Category Archives: supplements

All the pills I’ve loved before

Adventures in Nutritional TherapyHere’s a roundup of the vitamin and mineral supplements that have had the most dramatic effect on my various health annoyances. After the recent media exposure on the Target/Walgreens/GNC supplements debacle, allow me to reiterate that I operate on the theory that nutritional deficiencies are often behind health issues and that correcting the deficiency can correct the health issue. Unfortunately, with a very few exceptions — ferritin, vitamin D, B12 if you know what you’re doing, a few others — there is no way to test for deficiencies except to try a supplement and see what happens. The medical establishment would love to have you believe otherwise, but alas, it is not true. And we won’t even get into the problem of gauging what a normal test result is, even if the test measures the nutrient level accurately.

See also two earlier posts on deficiency symptoms and reactions, here and here.

Calcium/magnesium: Caused a reduction in anxiety I hadn’t even realized I had until it disappeared. Big improvement in sleep, too. Big improvement in, uh, eliminational motility.

Folic acid/folate/methylfolate: My second experience with nutritional therapy, if you exclude the Flintstones vitamins of my childhood. (The first was during my grandfather’s vitamin C kick in the early 80s.) My mother, who flew every week for work, had discovered it got rid of restless legs within 30 minutes. I used it for the same thing for years, then switched to folate/methylfolate shortly after starting this blog, I think. I’ve found that if 800 mcg of folate doesn’t get rid of it in 20 minutes, it’s probably a B12 issue. If that doesn’t work, it’s a calcium issue. If my entire body is restless — arms, too — I know it’s a B12 thing.

GABA: Turned off overactive mind at night. Also helped tinnitus. After a while, didn’t have to take it anymore.

Hyaluronic acid: Improves maddening eye floaters in a few days. Improves eyesight in general as well. Makes my skin look better and my neck a whole lot easier to swivel around while reversing out of parking spaces.

Lactoferrin: Cleared up my sinuses. I want to say that regular iron supplements did the same but took a lot longer and without as pronounced as effect. In other words, iron deficiency can screw up your sinuses.

Methionine: Normalized horrific periods at doses of about 3,000 mg a day. Also made me look about five years younger, probably by vacuuming out my crappy liver.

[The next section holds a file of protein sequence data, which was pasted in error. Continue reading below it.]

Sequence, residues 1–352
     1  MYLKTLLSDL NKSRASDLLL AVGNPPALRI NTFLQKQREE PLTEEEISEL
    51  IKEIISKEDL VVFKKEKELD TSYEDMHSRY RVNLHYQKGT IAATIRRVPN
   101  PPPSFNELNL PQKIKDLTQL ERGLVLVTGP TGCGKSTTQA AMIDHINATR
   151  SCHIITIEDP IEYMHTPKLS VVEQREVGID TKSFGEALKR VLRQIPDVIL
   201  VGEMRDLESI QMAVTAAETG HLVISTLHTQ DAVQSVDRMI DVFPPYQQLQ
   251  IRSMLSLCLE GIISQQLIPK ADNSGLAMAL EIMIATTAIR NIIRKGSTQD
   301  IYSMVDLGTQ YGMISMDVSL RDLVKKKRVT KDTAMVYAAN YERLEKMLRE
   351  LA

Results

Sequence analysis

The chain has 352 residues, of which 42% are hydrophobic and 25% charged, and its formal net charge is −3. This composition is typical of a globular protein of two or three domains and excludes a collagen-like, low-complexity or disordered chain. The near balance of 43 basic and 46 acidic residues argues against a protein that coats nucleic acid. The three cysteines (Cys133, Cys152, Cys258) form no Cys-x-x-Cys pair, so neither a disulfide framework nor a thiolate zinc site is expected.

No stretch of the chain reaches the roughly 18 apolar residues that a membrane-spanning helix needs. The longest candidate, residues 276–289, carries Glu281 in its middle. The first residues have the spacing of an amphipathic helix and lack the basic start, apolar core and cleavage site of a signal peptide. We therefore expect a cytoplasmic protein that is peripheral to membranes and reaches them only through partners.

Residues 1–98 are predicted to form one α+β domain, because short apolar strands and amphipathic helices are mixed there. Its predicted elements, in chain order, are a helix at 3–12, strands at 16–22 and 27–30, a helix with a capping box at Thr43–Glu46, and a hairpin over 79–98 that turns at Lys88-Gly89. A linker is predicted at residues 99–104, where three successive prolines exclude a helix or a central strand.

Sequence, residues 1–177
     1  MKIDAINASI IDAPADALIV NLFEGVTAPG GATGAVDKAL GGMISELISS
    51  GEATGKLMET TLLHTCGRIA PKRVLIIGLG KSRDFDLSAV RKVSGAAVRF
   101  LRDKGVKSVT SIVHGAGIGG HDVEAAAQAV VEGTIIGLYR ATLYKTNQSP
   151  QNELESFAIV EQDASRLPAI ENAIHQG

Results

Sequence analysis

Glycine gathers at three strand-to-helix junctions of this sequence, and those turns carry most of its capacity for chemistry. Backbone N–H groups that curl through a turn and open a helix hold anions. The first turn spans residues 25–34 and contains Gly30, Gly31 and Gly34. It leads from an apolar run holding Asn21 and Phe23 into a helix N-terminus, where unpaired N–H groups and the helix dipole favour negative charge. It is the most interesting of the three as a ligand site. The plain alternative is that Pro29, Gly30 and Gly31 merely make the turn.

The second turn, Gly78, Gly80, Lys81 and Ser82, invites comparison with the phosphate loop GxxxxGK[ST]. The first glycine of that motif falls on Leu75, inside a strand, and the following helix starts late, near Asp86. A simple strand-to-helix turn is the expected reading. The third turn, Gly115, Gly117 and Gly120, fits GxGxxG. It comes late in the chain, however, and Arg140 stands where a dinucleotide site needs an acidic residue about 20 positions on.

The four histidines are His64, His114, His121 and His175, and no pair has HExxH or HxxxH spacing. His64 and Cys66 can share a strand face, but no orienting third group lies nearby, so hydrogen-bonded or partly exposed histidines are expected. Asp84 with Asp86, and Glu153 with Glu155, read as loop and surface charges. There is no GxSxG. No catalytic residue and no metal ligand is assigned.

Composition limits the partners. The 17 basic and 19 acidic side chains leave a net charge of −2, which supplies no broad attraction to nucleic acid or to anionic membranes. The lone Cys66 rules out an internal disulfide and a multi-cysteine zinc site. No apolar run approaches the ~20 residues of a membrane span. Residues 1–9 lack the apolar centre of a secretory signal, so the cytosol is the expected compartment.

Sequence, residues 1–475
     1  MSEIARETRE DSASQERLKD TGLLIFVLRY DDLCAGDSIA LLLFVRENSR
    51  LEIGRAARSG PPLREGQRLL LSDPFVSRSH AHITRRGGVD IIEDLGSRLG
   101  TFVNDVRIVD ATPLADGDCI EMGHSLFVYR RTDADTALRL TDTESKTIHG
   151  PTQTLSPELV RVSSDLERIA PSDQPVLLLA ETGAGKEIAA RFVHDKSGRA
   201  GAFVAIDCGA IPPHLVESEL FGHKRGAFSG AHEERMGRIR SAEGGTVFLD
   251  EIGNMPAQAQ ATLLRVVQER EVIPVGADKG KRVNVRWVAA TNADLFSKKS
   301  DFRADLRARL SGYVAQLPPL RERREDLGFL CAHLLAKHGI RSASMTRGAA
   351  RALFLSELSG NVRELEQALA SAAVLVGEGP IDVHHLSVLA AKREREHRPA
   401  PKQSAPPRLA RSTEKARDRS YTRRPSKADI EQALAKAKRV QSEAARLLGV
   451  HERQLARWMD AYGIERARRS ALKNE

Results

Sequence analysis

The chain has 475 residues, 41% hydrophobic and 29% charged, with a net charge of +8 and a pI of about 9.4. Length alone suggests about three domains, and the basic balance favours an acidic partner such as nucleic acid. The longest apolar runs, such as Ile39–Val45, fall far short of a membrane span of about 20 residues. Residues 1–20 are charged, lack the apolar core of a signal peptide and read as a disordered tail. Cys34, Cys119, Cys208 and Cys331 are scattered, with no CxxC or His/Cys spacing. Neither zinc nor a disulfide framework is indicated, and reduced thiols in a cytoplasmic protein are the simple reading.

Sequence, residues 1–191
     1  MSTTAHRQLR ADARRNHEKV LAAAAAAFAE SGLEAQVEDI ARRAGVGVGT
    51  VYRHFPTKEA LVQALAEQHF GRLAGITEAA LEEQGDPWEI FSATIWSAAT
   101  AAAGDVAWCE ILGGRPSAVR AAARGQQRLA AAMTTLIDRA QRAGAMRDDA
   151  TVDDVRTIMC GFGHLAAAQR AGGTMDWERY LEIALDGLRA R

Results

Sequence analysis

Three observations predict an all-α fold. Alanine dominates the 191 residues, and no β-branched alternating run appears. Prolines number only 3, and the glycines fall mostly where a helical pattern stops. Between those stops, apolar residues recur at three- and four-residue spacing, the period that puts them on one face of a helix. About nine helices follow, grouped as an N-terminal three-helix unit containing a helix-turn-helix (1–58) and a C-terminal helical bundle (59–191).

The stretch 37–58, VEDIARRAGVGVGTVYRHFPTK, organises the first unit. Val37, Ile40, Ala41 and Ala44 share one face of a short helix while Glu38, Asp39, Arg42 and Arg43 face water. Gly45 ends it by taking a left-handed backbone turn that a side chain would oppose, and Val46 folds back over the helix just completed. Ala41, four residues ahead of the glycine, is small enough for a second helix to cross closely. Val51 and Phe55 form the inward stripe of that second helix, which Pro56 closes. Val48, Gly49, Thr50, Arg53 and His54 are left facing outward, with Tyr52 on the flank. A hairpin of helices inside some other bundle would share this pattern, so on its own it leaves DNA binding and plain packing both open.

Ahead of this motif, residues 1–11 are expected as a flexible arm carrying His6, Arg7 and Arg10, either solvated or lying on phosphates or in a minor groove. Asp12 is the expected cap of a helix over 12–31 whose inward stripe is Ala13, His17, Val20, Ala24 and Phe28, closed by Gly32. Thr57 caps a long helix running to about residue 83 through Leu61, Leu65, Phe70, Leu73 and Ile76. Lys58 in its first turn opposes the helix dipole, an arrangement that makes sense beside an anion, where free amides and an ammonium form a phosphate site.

Vitamin B6: This was my second success and pretty much got me started on the nutritional therapy road. If you’ve never had carpal tunnel syndrome, you have no clue what anxiety this can cause when your career depends on keyboard use. Later, much higher doses of the P5P formulation of vitamin B6 put a dent in my sugar cravings, improved my sinuses, and ended years of increasingly itchy skin. However, that might be a methylation thing more than a B6-specific thing.

Vitamin C: Big doses — we’re talking 2,000 mg three times a day — lowered my histamine levels and radically improved my mental concentration. After several months I didn’t have to take it anymore. Made eye floaters worse, though.

Vitamin D: Increased my nightly sleep from three hours to 5 hours, if only for five months.

Vitamin K: Like methionine, it normalized the god-awful menorrhagia I’d had for 20 years. Commenters on a paleo blog somewhere — Mark’s Daily Apple? — alerted me to its use for what I guess you’d call TMJ pain. About once a month I get the feeling that my upper and lower palates are collapsing inward. Weird. Vitamin K gets rid of it.

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Image: Remix of 1952 Eames House of Cards by MRhea.

Watch out for registered trademarks (®) in supplement ingredients

Adventures in Nutritional TherapyFor the past four years more and more supplements and foods have started suppressing my breathing, which needless to say has caused me some anxiety. It’s not like you can power through a suffocation side effect. I did manage last year to narrow down the culprits when I finally figured out that I was reacting to calcium fillers but that still left B6 and methylfolate.

Several readers had suggested that the MTHFR mutation might be behind health issues I’ve posted about, so if I couldn’t use methylfolate, did that mean that MTHFR was not the issue, or that it could be the issue but my liver was dying, or what?

Eventually someone reminded me of an important self-experimenting rule I have flaunted for years — try several brands of a supplement before giving up on it. The only brand of folate I’d ever used is Solgar, which contains Metafolin, a trademarked ingredient. From the murky depths of my magnesium-stearate-addled mind, a memory struggled to the surface — don’t companies trademark ingredients so they don’t have to list them? I googled Metafolin and sure enough, I found a description of it as being about one-quarter “calcium salt and water.”